State of emergency.
Not too long ago I was leaving the rectory of a friend and said, "See you later Father!" as I was walking out the door.
"Unless I'm arrested," he said smiling.
"Arrested? For what?" I asked, and then said, "Oh, the religious liberty thing." I laughed.
To my knowledge, no one has been arrested and put in jail for teaching Catholic doctrine or practicing the faith - yet. I find it hard to believe that stuff is going to happen on a large scale any time soon. Conditions have been much worse in Europe, and I do not see priests and religious or even bishops herded into prisons and internment camps, nor is any European nation under martial law. Yet these are the things people claim are going to happen in the United States if Obama is re-elected, or Obama-care continues, or even gay marriage is approved. A lot of people seem to be fear mongers these days, creating what they call a 'state of emergency' which may be more accurately described as a 'state of paranoia.'
A sense of urgency might be a better term.
Certainly religious freedom is threatened. Certainly there are isolated incidents, such as the family in Vermont I believe, who were fined for not hosting a gay wedding reception? Or was it just that they wouldn't rent their facilities to a lesbian couple? I can't recall the details at the moment. (See story below*.) Gay people are litigious, what can I say - and it's a political tactic groups use these days. No doubt these things will increase - but we are not at the stage of the Spanish Civil War atrocities - yet. Nor are our kids being kidnapped and forced to convert to Islam as they are in Pakistan. Neither are our churches burned to the ground as in Nigeria. There is real, bloody persecution elsewhere in the world - in the United States religious people are pretty much disliked, but tolerated.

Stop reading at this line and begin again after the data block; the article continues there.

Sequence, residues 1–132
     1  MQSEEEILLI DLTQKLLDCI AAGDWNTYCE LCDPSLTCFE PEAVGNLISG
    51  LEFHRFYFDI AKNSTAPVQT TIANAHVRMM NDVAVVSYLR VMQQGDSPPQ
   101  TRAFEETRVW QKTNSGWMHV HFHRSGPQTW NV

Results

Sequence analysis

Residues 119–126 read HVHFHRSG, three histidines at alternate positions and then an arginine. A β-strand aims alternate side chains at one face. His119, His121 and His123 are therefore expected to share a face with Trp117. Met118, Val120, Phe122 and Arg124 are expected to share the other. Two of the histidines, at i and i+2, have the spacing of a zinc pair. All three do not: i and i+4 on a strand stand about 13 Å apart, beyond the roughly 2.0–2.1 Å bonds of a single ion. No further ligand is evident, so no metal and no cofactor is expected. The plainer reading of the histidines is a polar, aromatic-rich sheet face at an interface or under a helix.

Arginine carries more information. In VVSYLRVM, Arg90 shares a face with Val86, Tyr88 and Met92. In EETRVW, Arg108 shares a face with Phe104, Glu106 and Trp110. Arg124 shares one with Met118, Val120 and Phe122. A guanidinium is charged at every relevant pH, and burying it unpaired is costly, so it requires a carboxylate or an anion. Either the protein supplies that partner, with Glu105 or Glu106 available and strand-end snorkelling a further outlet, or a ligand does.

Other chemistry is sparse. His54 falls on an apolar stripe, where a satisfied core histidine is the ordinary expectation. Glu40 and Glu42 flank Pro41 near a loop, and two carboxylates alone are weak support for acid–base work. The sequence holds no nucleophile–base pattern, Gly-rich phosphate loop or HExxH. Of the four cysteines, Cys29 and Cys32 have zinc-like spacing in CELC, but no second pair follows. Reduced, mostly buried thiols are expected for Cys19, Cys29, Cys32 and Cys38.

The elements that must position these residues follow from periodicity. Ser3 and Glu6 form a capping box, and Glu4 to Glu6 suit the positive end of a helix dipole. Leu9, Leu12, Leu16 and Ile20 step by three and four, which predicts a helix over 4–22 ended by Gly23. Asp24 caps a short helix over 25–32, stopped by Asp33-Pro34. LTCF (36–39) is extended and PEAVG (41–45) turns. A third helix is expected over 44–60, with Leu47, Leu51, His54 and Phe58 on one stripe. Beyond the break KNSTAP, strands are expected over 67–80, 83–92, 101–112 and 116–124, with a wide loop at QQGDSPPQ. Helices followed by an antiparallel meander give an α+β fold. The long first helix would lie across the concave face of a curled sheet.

That said, even if these limitations to religious freedom take place and accelerate, and even if priests and religious and bishops and lay Catholics are rounded up and carted off to prison camps - even if that happens - and it hasn't yet - what are we to do? How are we to act?
I'm not trying to dismiss anyones experience or perception of persecution, nor concerns about possible restrictions upon religious liberty - even the Holy Father warns of the dangers, and of course, the life of Christ and the Gospel does as well. Yet so far, apart from how the Holy Father and the Bishops have spoken, a lot of the rhetoric I hear and read is less than edifying, and in many cases not even Christian.
Something every priest should read.
I've been rereading Fr. Walter Ciszek's account of life in Soviet prisons, He Leadeth Me. It is a prophetic book. If there is any better teaching or interpretation on the mystery of divine providence for our times, I don't know of it. Any priest who fears for his freedom or his vocation ought to read and reread this book - and any Catholic concerned about living the faith in the public square that is hostile to religion, ought to read and reread it as well.
My apologies for this long, opinionated introduction to what I intended to post, an excerpt from Ciszek's book. It is taken from the chapter on Arrest and Imprisonment wherein Fr. Ciszek experiences rejection and contempt even amongst fellow political prisoners: